2018-09-12 / Editorial

Teshuva: The blessing of Yom Kippur

RABBI SHIMON MAX
Rosh Yeshiva & Dean Foxman Torah Institute- Mesivta Bais Dovid

For there is not a just man upon earth, that doeth good, and sinneth not. (Ecclesiastes 7:20)

We all have faults and have made mistakes over which we experience pain and remorse. While such rumination sometimes makes us feel unworthy of G-d’s love and compassion, our Creator, in His infinite kindness, gave us a process of teshuva (repentance). While teshuva can be done anytime, Yom Kippur, along with all of the days of repentance, is a special time when Hashem’s kindness is more easily accessible. Repenting allows us to reconnect to our innate purity and holiness as a human being and as a Jew in order to free us from the weight of our sins and misdeeds, so we can become “light” enough to “fly” spiritually. It is in this way that we can be released from the barriers that prevent us from connecting to G-d and to our true selves, and that we can feel safe and protected by G-d once again.

Regret is referred to in Jewish literature as “charata” and is an important component of teshuva. However, to experience regret can create devastating consequences if not done properly, i.e., according to the Torah.

In Exodus, Chapter 13, Verse 17, it says, G-d took the Jews out of Egypt via the long route of the Red Sea and not on the straight path to Israel lest they see the wars and then regret leaving Egypt. This sounds almost ridiculous; why would they regret leaving Egypt? First of all, they had no choice—it was all G-d’s doing, and anyone familiar with the story of the exile knows that what the Jews experienced while in slavery under the Egyptians was truly bitter, to say the least. But it seems that the fright of war that the Jews would have experienced on the way to Israel would create a momentary feeling of remorse for having left Egypt— no matter how foolish it might be. Those feelings of regret could capture the hearts and minds of the Jewish people and cause them to want to return to Egypt—to the very place of backbreaking labor and bondage of 210 years—a place where the persecution even led them to use their own babies as mortar for laying bricks. We see from here that regret can destroy a person’s faith and courage, and even cause someone to have delusional thoughts, just as the Jewish people convinced themselves that they left Egypt on their own and that that they desired to return to their unhappy existence.

Yes, remorse and regret, can lead a person to have delusional thoughts and feel despondent, perhaps even leading to a state of clinical depression. However, if understood through the prism of Torah, while the process may be painful, the regret should simultaneously be a source of growth and happiness, since we know that we are reconnecting to ourselves and to our G-d.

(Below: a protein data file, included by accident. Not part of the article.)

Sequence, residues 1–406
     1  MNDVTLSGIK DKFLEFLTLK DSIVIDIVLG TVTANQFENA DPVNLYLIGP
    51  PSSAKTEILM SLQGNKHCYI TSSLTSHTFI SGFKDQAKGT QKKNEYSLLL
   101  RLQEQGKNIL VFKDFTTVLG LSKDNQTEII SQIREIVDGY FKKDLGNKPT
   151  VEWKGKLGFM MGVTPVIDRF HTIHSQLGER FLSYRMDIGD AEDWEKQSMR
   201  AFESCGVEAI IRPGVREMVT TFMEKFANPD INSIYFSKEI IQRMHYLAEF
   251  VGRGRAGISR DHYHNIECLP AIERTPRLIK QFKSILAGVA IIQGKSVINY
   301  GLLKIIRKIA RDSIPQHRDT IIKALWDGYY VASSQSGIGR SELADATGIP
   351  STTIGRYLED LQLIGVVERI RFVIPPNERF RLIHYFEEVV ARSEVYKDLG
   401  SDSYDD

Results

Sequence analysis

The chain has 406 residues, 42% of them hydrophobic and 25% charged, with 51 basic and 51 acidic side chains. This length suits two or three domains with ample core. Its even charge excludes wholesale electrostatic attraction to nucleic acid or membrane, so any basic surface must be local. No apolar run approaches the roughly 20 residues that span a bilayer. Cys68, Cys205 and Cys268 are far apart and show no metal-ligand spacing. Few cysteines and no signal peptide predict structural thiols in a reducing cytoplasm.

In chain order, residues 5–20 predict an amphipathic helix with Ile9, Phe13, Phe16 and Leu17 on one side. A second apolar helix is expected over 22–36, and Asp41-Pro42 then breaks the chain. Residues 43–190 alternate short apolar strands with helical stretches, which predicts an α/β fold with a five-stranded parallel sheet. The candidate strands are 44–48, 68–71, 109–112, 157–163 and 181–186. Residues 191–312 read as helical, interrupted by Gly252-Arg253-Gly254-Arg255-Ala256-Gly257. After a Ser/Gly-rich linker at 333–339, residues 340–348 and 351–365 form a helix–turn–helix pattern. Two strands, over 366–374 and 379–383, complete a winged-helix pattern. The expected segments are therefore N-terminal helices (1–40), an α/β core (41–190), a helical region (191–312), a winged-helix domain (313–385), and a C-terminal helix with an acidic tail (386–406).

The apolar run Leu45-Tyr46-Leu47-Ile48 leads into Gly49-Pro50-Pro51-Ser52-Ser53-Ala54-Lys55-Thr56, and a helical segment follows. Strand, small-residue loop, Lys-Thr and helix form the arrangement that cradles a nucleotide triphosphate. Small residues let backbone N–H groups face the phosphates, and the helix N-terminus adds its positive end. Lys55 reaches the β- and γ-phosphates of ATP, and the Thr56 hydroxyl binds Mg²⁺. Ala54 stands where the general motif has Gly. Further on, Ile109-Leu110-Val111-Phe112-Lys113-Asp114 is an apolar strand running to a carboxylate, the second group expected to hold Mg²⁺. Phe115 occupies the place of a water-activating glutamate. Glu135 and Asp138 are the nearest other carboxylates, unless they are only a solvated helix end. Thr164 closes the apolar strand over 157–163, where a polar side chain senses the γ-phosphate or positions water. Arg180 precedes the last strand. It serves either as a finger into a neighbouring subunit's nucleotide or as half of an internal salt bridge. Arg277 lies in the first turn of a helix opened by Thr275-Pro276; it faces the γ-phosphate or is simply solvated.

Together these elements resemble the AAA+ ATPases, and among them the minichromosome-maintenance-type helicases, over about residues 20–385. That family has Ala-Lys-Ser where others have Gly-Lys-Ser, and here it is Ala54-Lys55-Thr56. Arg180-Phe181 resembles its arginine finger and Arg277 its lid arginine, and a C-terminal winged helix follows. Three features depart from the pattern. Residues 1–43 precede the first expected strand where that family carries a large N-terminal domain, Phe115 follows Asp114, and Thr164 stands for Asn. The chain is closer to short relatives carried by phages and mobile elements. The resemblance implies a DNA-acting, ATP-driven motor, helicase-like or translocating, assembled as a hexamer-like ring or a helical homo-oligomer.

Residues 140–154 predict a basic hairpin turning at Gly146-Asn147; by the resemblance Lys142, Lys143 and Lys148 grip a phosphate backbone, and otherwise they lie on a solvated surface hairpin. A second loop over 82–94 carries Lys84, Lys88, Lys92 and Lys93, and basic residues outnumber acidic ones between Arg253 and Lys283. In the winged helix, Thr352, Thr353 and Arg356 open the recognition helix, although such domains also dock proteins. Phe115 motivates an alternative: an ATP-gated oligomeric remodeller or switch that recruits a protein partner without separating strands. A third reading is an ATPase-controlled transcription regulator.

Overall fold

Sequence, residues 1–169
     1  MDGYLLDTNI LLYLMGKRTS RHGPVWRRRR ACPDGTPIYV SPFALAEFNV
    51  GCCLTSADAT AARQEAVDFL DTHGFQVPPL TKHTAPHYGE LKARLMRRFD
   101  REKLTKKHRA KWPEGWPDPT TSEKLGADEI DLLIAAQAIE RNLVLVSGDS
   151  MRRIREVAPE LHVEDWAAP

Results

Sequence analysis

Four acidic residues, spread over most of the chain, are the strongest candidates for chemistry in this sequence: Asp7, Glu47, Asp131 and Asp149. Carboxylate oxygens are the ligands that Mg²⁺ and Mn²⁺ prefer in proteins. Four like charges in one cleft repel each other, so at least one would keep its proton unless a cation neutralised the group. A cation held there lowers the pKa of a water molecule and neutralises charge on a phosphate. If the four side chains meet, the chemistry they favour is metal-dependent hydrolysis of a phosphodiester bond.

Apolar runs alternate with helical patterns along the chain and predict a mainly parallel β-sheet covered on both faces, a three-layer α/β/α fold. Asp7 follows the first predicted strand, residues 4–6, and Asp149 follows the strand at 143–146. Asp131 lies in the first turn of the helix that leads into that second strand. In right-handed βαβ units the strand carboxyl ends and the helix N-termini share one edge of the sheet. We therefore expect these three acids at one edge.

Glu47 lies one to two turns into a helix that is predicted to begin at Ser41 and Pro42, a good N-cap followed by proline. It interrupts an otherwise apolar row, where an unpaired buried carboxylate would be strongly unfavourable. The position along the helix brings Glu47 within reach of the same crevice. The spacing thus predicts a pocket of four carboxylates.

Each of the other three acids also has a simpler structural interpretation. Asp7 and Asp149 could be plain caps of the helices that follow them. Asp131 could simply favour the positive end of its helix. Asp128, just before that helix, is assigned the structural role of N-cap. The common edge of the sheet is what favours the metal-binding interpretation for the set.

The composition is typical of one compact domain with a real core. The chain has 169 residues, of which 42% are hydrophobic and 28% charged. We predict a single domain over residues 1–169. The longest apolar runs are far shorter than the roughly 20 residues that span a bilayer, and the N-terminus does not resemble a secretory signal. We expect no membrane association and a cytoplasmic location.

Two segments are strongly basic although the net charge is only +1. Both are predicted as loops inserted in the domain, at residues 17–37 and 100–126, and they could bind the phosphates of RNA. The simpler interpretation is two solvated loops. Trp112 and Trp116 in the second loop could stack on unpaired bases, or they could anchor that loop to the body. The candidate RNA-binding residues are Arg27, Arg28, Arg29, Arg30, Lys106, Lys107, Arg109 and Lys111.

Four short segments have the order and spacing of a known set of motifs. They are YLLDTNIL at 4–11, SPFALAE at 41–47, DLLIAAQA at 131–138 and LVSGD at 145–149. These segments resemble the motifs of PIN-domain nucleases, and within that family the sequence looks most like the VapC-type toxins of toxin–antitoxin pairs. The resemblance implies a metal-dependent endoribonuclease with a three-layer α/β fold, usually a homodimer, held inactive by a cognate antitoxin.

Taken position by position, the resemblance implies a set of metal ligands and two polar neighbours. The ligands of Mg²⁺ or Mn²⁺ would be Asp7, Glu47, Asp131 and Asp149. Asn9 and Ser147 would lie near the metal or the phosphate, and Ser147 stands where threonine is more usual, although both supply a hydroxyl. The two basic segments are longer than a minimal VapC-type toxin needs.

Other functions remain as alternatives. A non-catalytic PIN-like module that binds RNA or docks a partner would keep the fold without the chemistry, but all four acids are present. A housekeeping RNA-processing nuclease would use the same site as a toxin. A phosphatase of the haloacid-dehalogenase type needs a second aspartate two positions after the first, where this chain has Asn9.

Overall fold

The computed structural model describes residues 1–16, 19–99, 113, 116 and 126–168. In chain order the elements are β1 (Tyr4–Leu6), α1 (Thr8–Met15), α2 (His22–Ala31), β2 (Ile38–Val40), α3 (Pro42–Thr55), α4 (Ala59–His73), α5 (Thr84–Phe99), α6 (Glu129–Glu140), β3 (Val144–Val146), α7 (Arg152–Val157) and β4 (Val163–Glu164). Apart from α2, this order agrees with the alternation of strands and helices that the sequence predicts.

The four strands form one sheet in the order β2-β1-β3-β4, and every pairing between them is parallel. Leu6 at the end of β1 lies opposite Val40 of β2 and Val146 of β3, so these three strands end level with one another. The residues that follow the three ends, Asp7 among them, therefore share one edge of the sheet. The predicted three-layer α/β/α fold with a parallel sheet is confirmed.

The Aruch Hashulchon, a highly regarded and accepted code of Jewish law, explains in the very first chapter that a basic tenet of Jewish belief is that a Jew must believe that our G-d does not punish in the conventional sense as a type of revenge, but rather to bring full atonement to us and to return our essence (which is our soul) to its pristine beauty and perfection.

Somehow the punishment, whether influencing us to correct our ways or invoking a mystical purification process, will lead us to a spiritual cleansing. It is also possible that what seems like a punishment is not a punishment at all, and the pain we experience is for reasons beyond our understanding. Regardless of the reason for our pain, we must trust and believe that our loving G-d is causing the pain in order to help us in some way, and to make us worthy of receiving blessings in ways unimaginable. It is blasphemous to think otherwise.

When I explain to my students that occasionally our minds can cause us to deny the basic Jewish principle that G-d only acts in our very best interest, I describe any negative thoughts as “our mind’s trash talking to us” and oh how our minds love to cause these irrational thoughts, of course influenced by the evil inclination. As Rabbi Yisrael Salanter, the holy founder of the mussar movement from the 19th Century taught, causing us to give up hope is the strongest ammunition of the evil inclination. You see, when we throw in the towel spiritually, life loses its vitality— we lose our purpose and self-worth, and there is certainly no energy left for making a connection to Hashem.

Understanding all the above, we are now prepared to own our wrongdoings and look to Hashem in His infinite kindness and say, “G-d, we have sinned” and then we can start to take small steps to mend our ways. We can trust that G-d will forgive us because He loves us like a loving Father.

In the merit of our teshuva, may we and the entire Jewish nation be blessed for a sweet new year. s

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